Humphrey was lucky enough to be tipped off about the existence of an extremely thought provoking article by a US Navy officer (Captain Hendrix) on the future viability of the US carrier fleet. This was an alternative thinkpiece, produced in an unofficial capacity, but one that does raise some extremely searching questions about the viability of the long term future of the US carrier fleet.
The author conducted a detailed analysis of the cost of the CVN fleet, and also of the airwing attached to it, and broadly concluded that in terms of delivering effect, there were other means that could deliver similar effect for less cost (e.g. stand off missiles, more escort vessels etc). He was also scathing about the overall cost effectiveness of a current airwing, suggesting that large amounts of an aircraft’s use was linked to carrier qualification and not necessarily the delivery of effect. At the same time, the increased use of long range anti-ship missiles will make it more difficult to operate close in to an enemy coastline without being at increased risk. He believes that because of this, in future the F35 will simply not have the range to be able to penetrate enemy air defences, and that instead efforts should focus on development of a navalised UCAV to take over instead of the F35, with any future force structure being built around UCAVs and SSGNs using land attack missiles.
It is a genuinely fascinating paper to read, although Humphrey personally felt it relied quite heavily on the use of statistics to deliver metrics, which is a peculiarly American military phenomenon – for example the author extrapolated date to show that statistically in the last 10 years each USN fixed wing aircraft has dropped a total of 16 bombs.
What is perhaps interesting about the paper is that in many ways it revisits a lot of the long term arguments about the validity of carriers, and revisits them to show that the perceived weaknesses remain the same as they always have. One only has to think of the argument in the UK in the 1960s, when the decision was taken to move away from fixed wing carriers that they were inherently vulnerable to attack and could be sunk with ease. Humphrey is always somewhat sceptical of claims about ‘wonder weapons’ that can take out a carrier battle group from nowhere with ease. While there are indeed many very potent long range weapons out there, the problem remains one of getting accurate enough real time intelligence to be able to ensure accurate targeting of the carrier in the event of war.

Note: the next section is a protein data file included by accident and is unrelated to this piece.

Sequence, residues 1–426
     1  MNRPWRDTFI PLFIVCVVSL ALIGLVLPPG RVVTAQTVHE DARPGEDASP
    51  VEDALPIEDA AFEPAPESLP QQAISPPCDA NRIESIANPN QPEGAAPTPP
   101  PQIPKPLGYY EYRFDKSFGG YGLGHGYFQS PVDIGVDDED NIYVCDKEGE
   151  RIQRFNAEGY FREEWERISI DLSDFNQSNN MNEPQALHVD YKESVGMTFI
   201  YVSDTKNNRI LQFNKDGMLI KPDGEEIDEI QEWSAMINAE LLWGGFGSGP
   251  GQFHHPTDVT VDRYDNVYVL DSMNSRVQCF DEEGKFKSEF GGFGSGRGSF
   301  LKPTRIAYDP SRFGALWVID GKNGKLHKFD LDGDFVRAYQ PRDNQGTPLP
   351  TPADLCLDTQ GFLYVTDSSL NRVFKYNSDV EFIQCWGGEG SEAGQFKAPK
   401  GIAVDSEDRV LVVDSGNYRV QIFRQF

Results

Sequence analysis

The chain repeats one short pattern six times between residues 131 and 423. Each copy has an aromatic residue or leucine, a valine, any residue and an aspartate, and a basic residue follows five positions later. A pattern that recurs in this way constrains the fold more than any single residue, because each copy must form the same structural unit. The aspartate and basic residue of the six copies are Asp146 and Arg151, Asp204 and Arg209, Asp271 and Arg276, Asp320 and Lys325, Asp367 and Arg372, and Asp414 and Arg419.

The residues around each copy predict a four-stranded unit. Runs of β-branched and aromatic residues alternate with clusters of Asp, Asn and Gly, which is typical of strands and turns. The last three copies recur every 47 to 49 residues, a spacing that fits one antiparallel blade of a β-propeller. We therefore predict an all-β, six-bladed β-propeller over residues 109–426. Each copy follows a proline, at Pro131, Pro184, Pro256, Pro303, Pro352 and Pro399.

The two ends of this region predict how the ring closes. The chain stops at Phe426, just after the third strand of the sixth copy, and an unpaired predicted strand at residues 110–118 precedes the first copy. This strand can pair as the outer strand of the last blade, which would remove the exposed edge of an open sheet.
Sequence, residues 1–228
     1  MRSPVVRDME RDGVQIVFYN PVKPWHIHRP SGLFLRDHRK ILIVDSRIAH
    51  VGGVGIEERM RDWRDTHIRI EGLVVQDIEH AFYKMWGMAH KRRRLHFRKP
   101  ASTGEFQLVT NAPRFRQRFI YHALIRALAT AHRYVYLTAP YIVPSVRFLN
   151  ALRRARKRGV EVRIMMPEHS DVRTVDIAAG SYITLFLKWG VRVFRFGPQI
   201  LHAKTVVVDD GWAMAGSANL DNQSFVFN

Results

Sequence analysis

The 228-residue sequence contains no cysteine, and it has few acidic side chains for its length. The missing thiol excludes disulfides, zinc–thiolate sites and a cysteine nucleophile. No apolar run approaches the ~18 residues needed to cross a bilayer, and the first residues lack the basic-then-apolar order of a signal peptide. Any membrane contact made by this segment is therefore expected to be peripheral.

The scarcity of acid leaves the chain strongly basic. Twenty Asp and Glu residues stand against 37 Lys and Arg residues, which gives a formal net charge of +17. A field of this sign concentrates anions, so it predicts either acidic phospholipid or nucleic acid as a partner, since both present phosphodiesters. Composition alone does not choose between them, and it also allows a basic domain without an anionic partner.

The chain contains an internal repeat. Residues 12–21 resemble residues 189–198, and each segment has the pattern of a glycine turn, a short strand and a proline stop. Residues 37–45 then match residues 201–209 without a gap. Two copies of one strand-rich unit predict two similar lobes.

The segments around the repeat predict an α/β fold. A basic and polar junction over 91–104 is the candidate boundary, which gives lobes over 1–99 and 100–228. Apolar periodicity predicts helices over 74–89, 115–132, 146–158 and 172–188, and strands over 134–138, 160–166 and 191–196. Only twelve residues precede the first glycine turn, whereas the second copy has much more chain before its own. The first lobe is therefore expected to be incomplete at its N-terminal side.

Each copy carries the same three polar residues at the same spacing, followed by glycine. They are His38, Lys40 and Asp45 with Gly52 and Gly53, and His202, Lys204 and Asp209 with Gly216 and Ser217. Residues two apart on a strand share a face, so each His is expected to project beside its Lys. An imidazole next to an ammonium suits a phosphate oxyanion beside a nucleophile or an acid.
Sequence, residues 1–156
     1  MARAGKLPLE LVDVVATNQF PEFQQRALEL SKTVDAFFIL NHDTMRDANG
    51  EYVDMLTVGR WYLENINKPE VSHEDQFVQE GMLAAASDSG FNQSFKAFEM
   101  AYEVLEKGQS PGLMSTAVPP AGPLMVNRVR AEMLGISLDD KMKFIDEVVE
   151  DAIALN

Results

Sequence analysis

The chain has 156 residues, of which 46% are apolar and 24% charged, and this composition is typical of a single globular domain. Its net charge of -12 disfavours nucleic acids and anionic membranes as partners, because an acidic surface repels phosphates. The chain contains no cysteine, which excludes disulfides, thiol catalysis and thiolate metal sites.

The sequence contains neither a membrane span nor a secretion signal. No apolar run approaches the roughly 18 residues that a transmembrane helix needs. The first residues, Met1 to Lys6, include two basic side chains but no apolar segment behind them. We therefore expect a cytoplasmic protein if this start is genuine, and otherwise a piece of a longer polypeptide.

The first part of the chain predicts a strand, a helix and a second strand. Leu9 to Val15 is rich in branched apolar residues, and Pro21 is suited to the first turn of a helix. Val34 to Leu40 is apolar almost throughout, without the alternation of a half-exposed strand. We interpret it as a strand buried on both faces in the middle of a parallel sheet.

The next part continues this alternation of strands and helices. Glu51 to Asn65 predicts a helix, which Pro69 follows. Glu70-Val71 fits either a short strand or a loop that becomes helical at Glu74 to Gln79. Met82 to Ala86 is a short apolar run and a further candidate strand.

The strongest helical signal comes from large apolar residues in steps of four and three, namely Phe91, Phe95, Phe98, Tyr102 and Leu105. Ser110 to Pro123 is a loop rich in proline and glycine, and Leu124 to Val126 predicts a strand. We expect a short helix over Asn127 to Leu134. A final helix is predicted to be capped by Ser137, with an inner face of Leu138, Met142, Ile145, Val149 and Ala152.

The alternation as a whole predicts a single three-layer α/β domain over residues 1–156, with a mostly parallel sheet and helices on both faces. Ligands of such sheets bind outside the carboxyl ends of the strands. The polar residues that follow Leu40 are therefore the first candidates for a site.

While technology has changed a lot, its worth remembering that historically finding and killing an aircraft carrier is actually remarkably difficult to do. In the 1970s the old ARK ROYAL was operating on exercise off the coast of the US and spent days operating undetected without the US being able to find her, whilst her airwing caused (simulated) carnage ashore. It is a truism to this day that without a very comprehensive ISTAR network at your service, it is remarkably difficult to find a ship which doesn’t wish to be found. Therefore, although things can always go wrong with a carrier, they are not perhaps the vulnerable giants some make them out to be.
One of the key thrusts of the paper was to argue in favour of stepping away from the F35 and instead focusing on the move towards development of a UCAV which can be used fleet wide, not just on carriers but also lighter amphibious ships too. The author is personally somewhat sceptical that the technology exists at a sufficient level of maturity now, or for the forseable future for this to be credible.